The U.S. Department of Labor has released new guidance further delaying enforcement of certain Health Care Reform claims, appeals and external review requirements. Although the guidance was issued by the Department of Labor, the enforcement grace period applies to the U.S. Departments of Health and Human Services, Labor, and Treasury. The Department of Health and Human Services is also encouraging states to provide similar grace periods with respect to insurance issuers. The enforcement delay is intended to give the Departments time to publish new regulations to implement the claims, appeals and external review requirements under Health Care Reform.

Highlights of the technical release are:

Enforcement Grace Period Extended to Plan Years Starting On or After July 1, 2011 (January 1, 2012 for calendar year plans)

  • Requirement to include specific information to identify the claim involved in adverse benefit determination communications, such as the date of the service, the health care provider and the claim amount (if applicable).
  • Requirement to include a description of the standard that was used in denying the claim in adverse benefit claim determination communications (e.g., a claim denied because treatment is experimental).  
  • For communications about a final internal adverse benefit determination, the requirement to include a discussion of the reasons for the decision.  
  • Requirement to provide a description of available internal appeals and external review processes, including information regarding how to initiate an appeal.  
  • For plans and issuers in states in which an office of health consumer assistance program or ombudsman is operational, the disclosure of the availability of, and contact information for, such program. The guidance includes a list of consumer assistance programs and ombudsmen for each state (Minnesota may have been inadvertently left off of the list), American Samoa, the District of Columbia, Guam, Puerto Rico and the U.S. Virgin Islands.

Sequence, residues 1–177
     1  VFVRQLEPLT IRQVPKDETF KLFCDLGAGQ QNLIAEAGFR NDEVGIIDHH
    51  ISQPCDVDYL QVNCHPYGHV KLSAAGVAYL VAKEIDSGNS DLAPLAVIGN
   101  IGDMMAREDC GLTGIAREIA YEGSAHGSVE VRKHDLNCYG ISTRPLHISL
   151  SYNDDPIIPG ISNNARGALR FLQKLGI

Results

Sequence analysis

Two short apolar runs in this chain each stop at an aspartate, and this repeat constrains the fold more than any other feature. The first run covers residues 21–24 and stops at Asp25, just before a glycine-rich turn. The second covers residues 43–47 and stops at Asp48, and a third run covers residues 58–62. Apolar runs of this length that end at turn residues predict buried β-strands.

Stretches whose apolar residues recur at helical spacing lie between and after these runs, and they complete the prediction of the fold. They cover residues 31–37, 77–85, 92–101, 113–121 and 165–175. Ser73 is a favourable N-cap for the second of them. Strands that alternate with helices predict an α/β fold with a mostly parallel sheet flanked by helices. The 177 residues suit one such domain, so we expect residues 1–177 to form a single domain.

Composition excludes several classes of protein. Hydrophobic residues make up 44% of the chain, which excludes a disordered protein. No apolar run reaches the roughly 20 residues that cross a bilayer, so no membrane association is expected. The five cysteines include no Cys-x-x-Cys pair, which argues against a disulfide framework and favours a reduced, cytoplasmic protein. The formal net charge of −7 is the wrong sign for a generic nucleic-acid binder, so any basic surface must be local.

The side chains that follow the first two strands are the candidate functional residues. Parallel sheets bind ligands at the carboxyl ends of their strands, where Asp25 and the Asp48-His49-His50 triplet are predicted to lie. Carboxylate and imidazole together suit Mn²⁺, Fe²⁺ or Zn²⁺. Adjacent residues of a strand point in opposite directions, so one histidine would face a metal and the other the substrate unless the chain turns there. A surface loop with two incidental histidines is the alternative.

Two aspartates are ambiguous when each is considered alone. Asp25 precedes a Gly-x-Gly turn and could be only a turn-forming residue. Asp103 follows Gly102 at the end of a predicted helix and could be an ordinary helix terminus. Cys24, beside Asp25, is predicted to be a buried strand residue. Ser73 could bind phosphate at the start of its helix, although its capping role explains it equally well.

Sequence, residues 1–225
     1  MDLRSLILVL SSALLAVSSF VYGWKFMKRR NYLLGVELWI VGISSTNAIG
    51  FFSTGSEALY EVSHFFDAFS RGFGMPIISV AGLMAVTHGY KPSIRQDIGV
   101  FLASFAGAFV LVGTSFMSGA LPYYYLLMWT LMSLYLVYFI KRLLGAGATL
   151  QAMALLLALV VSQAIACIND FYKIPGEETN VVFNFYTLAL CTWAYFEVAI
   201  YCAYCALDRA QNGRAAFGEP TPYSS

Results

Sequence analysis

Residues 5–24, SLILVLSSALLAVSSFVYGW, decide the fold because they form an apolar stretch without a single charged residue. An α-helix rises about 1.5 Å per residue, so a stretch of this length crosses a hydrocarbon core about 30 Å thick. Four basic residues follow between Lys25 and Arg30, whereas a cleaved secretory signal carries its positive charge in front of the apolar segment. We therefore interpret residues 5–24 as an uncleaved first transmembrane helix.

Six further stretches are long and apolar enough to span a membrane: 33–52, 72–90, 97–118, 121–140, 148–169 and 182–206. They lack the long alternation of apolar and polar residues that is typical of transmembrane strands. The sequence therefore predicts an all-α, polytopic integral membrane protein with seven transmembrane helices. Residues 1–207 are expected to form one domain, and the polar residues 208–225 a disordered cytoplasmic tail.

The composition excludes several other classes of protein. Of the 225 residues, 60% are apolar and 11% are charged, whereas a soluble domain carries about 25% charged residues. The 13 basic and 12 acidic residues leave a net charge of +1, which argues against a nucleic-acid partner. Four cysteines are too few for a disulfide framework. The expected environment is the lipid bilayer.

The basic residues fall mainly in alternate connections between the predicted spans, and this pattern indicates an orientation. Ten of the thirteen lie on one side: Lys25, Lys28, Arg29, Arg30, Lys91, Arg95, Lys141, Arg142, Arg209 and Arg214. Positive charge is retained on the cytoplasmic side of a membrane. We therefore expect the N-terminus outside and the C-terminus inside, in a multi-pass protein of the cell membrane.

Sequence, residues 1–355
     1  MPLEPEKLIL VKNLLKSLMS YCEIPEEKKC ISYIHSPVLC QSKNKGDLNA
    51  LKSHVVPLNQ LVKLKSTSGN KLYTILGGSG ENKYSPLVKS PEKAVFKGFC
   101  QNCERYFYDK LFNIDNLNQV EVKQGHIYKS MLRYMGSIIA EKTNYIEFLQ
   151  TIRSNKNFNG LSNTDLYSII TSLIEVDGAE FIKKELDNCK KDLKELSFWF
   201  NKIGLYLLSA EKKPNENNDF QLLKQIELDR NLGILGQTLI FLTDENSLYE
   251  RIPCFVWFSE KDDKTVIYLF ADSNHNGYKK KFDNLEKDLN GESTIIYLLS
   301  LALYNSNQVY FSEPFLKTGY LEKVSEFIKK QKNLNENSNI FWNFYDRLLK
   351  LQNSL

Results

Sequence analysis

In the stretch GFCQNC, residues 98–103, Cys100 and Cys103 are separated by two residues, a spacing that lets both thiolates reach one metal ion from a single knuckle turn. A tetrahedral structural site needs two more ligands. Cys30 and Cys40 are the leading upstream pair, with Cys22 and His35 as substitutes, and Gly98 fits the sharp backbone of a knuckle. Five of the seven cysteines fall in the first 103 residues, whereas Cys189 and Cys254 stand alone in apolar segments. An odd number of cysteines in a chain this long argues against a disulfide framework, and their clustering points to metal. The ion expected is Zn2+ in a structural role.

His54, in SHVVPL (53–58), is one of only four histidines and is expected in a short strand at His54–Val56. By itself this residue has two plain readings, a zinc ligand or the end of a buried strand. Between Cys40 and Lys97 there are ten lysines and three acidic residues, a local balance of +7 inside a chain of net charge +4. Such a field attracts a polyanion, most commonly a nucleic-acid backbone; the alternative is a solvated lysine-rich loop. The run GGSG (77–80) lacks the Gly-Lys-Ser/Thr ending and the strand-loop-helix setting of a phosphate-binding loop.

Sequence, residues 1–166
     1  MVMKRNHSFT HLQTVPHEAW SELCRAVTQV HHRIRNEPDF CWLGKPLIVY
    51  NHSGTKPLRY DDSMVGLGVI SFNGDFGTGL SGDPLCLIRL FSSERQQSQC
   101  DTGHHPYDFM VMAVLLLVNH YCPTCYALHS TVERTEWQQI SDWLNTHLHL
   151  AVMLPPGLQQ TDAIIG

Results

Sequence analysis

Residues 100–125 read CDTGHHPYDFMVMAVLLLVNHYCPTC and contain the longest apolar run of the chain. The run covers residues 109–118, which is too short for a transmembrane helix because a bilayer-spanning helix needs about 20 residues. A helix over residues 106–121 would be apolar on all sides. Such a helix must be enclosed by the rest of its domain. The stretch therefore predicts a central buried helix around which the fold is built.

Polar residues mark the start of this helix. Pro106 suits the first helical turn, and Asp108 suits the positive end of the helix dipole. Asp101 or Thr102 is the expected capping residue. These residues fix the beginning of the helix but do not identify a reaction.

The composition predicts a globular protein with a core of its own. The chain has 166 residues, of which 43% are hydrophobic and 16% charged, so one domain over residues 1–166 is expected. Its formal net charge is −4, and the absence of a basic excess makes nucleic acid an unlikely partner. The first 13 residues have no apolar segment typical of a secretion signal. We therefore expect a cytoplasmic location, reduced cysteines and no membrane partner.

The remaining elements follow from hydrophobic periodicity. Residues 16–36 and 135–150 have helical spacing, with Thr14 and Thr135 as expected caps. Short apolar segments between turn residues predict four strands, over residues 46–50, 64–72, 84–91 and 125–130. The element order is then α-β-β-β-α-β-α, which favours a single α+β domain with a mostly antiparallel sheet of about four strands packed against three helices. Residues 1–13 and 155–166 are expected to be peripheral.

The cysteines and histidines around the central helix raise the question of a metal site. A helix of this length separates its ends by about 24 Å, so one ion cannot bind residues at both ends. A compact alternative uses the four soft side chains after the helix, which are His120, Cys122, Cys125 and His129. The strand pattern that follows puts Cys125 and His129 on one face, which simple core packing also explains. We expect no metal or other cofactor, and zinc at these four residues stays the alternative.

Enforcement Grace Period Extended to Plan Years Starting On or After January 1, 2012 (formerly on or after July 1, 2011)

  • 24-hour review of an initial urgent care claim (shortened from the current 72-hour review period).  
  • Requirement to provide claims and appeals notices in a culturally and linguistically appropriate manner.  
  • Deemed exhaustion of internal claims and appeals processes if there is not strict compliance with the new Health Care Reform rules.  
  • Requirement to include diagnosis and treatment codes and their corresponding meanings in claim denial notices.  

The full guidance is available at, U.S. Department of Labor Technical Release 2011-01.